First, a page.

Michael O'Neill guided Northern Ireland to the Euro 2016 finals and almost to the 2018 World Cup
The Scottish FA wants Northern Ireland manager Michael O'Neill to succeed Gordon Strachan as national head coach.
A working party has been discussing potential candidates, but the former Brechin City and Shamrock Rovers boss is now at the top of their list.
The 48-year-old guided Northern Ireland to Euro 2016 but just missed out on World Cup qualification.
O'Neill and his two assistants with Northern Ireland, Jimmy Nicholl and Austin MacPhee, all live in Scotland.
Speculation about O'Neill's future has grown since Northern Ireland lost their World Cup play-off to Switzerland, having been defeated 1-0 in the first leg at Windsor Park then drawn 0-0 in Switzerland on Sunday.
Former Scotland striker Kris Boyd told BBC Scotland: "Michael O'Neill has done a fantastic job with Northern Ireland.
"From a football point of view, Michael's first thought is to defend. He's got Premier League defenders in the Northern Ireland squad, we don't have that.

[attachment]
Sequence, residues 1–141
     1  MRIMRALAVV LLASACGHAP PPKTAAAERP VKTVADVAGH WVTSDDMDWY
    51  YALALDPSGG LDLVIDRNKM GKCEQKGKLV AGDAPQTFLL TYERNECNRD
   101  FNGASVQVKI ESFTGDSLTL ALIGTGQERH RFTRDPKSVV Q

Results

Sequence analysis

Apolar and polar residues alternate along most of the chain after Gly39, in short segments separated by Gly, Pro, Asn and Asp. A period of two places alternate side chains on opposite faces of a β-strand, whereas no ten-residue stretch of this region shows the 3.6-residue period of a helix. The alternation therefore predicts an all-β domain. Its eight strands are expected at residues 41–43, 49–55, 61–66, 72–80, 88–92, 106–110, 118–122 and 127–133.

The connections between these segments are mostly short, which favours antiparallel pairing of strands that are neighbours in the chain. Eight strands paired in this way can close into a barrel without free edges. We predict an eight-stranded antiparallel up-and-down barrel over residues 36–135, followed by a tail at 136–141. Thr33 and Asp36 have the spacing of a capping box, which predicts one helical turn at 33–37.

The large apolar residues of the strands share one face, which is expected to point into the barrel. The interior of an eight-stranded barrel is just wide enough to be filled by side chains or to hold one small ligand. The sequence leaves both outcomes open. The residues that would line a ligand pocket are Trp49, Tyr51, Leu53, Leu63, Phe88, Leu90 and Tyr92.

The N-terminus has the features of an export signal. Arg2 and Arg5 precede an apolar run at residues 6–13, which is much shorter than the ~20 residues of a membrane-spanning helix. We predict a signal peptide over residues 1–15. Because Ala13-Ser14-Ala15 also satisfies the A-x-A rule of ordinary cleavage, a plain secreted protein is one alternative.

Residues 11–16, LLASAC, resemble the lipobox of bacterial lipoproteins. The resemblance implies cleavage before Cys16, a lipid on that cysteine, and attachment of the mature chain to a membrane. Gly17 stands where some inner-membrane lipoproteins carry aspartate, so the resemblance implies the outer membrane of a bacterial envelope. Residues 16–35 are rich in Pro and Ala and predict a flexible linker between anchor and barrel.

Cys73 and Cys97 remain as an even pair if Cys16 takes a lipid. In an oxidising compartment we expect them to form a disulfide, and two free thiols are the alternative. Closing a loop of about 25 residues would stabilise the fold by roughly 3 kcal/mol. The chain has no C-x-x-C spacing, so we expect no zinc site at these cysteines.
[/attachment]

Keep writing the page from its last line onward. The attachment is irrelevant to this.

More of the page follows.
"When you look at Northern Ireland, they already had that base there.
Media playback is not supported on this deviceMichael O'Neill for Scotland? Kris Boyd thinks he will want to return to club management
"It's pretty difficult coming into international football with Scotland and trying to build that from a defensive base when we don't have defenders.
"If he does leave, he probably will want a club job."
Fellow BBC pundit Michael Stewart believes that O'Neill would have a foundation of promising full-backs to build on if he decided to leave Northern Ireland for Scotland, who have not qualified for the finals of a major tournament since 1998.
"If you look at Scotland: [Andrew] Robertson and [Kieran] Tierney and Callum Paterson or Tony Ralston perhaps in a couple of years, that's not a bad base to build from," he said.
"Yes, centre-half is still a concern, but if you put the team and you structure it correctly, there's a basis to build from.
"If I was Michael O'Neill, I wouldn't be looking at the Scotland back-line and thinking, 'that's a disaster, I'm not taking it'.
"There's foundations in that Scotland team and then, when you look further forward, I think that's where we've got greater strength."